Because this coffee is naturally processed, it has an enhanced toffee sweetness and syrupy body. The mouthfeel is rich and creamy, perfect whether you drink your coffee black or prefer a splash of milk.
Even more impressive? Zaroca’s owner, Gilberto Basilio, is actively working against the environmental degradation prevalent in Brazil. He’s taken huge areas of his farm once used to grow sugarcane and reforested them, an eco-friendly initiative you can feel good about supporting.
Here’s another Brazilian coffee on the list, which is no coincidence. Brazilian coffee, especially medium and dark roast, tends to have an excellent flavour profile for Moka pot brewing.
This option from James Gourmet Coffee certainly fits the bill. It’s a rich dark roast with bold flavours of chocolate, nuts, and ripe fruit. The mouthfeel is smooth and creamy, with plenty of natural sweetness and just a hint of acidity.
I found this one is especially delicious with a touch of milk or cream, which really enhances the sweetness. No sugar needed.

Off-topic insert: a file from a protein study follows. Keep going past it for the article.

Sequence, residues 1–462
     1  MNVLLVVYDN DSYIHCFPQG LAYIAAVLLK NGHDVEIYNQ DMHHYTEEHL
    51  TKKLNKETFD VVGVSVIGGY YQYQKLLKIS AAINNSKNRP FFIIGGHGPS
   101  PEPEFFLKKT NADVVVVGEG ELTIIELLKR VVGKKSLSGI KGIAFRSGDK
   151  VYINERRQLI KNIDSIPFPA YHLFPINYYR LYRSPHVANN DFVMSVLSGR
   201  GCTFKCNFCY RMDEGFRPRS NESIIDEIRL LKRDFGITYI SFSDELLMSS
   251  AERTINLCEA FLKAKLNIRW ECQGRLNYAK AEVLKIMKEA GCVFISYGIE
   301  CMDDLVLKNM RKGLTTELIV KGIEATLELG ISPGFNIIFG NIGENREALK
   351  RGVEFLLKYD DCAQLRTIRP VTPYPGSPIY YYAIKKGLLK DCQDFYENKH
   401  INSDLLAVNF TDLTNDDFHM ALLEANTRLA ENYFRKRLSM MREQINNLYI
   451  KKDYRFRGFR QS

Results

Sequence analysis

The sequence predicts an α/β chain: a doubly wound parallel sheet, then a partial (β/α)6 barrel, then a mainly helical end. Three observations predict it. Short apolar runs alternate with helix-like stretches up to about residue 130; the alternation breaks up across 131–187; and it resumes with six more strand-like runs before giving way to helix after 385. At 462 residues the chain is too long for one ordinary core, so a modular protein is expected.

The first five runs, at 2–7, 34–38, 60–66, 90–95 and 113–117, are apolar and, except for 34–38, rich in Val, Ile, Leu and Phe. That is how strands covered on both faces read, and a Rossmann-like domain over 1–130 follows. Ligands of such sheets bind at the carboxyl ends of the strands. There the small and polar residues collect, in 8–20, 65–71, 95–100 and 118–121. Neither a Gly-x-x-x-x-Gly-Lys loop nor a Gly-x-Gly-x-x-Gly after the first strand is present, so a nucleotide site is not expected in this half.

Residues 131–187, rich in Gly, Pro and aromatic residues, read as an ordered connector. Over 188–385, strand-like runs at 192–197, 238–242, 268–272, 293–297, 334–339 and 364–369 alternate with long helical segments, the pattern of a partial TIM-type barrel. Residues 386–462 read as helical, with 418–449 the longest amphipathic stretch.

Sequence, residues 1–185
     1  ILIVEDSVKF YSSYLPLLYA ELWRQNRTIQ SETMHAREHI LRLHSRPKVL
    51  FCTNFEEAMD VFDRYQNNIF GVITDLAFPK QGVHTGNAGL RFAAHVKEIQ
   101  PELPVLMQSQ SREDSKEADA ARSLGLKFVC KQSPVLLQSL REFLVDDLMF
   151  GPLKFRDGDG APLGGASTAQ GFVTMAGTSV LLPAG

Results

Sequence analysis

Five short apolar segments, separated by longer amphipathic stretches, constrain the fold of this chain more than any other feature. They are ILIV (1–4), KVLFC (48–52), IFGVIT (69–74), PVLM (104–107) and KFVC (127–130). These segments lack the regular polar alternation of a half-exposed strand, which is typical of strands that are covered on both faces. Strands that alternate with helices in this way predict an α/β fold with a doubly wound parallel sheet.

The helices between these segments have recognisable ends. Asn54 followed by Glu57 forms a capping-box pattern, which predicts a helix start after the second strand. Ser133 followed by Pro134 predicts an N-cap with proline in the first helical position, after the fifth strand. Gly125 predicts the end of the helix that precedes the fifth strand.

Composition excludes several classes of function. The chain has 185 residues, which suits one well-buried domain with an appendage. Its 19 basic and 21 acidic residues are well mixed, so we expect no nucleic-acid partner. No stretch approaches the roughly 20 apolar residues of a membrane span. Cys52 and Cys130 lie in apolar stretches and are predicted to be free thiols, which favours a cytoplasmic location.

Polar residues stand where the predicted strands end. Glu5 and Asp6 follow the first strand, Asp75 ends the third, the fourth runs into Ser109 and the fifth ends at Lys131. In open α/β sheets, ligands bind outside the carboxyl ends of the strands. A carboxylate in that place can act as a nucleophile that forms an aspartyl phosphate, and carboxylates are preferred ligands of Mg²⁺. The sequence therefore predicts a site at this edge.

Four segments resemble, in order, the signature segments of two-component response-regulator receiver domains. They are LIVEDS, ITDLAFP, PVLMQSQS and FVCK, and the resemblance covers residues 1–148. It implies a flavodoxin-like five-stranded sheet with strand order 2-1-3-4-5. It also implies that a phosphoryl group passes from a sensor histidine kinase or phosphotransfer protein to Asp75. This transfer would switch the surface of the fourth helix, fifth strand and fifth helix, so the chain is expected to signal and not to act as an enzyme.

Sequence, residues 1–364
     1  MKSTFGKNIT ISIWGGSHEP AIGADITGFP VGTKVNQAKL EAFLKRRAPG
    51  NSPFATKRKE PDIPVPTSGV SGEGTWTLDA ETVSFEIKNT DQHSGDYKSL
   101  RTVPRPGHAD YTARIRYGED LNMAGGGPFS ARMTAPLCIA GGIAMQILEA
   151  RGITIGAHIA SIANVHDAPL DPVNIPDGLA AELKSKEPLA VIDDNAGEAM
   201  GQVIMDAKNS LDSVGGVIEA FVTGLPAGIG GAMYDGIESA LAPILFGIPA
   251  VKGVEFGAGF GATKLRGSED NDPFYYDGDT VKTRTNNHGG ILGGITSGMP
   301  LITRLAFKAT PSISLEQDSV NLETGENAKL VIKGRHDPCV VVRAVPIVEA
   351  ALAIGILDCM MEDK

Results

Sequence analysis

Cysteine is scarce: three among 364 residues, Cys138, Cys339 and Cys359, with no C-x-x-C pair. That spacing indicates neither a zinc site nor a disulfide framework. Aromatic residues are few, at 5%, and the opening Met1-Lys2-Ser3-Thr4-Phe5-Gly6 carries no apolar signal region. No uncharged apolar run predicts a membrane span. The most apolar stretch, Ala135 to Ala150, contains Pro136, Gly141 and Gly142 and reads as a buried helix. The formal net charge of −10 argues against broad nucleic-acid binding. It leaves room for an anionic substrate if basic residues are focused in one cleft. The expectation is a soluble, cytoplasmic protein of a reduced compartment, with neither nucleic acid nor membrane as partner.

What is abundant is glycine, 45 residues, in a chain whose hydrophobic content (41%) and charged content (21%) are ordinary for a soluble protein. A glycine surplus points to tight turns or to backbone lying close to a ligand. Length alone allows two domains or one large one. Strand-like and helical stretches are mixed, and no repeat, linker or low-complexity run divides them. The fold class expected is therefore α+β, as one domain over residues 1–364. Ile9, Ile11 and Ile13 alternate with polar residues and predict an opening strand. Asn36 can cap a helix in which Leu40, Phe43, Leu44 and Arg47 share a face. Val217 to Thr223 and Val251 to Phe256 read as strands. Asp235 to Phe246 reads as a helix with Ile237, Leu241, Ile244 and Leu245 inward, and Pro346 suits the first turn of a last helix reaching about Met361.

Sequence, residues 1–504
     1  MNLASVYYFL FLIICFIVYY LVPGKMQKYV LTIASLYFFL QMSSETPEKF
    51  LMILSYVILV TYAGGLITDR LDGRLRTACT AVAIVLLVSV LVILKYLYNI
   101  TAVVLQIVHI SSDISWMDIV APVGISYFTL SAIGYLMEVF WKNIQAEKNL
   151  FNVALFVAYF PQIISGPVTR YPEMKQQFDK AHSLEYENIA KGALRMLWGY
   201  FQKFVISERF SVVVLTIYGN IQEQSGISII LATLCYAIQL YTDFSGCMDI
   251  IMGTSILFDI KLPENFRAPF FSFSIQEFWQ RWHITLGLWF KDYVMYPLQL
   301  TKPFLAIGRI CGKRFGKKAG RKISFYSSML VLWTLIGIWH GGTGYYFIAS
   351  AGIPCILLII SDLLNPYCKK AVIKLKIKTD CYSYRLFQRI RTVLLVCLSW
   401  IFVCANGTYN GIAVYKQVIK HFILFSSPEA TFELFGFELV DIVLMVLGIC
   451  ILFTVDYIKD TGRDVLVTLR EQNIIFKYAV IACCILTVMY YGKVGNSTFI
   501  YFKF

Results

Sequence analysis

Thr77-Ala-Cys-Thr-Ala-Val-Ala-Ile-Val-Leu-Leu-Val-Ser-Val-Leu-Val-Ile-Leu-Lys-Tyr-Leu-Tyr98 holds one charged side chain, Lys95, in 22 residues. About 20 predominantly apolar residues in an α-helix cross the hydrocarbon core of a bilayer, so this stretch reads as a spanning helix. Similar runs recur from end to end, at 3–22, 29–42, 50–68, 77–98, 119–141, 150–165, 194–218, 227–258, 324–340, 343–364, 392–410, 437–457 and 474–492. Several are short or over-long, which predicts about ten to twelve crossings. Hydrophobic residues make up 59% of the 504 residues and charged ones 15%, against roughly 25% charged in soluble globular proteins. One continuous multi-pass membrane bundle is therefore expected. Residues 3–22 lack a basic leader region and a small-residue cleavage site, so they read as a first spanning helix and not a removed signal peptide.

James Gourmet Coffee is a family-run company that sources exclusively speciality grade coffee. They pay farmers a premium in exchange for only the best beans, and it shows in the quality of their coffee. As the owners of the first eco-roaster in Europe, it’s clear this same attention is paid to their environmental footprint,
If you’re in for a long day, you might want to use your Moka pot to brew up something with a bit of an extra kick. That’s where Big Dick’s Original Blend comes in, offering a coffee with 50% more caffeine than average.
To achieve this feat, they use a 50/50 blend of Arabica and Robusta coffee beans. Robusta beans have twice the caffeine of Arabica beans, but they’re rarely found in specialty coffees because of their reputation for poorer quality and flavour.
But Big Dick’s has found the key to highly caffeinated coffee that still tastes great!
First, they source only the highest quality single-origin beans, Robustas from Uganda and Arabicas from Peru. Then they small-batch roast them “low and slow” to a medium roast, which leaves little bitterness or acidity in the flavour profile. Instead, you’re left with a sweet and smooth cup with a whopping 240 mg of caffeine. If that won’t jumpstart your day, nothing will.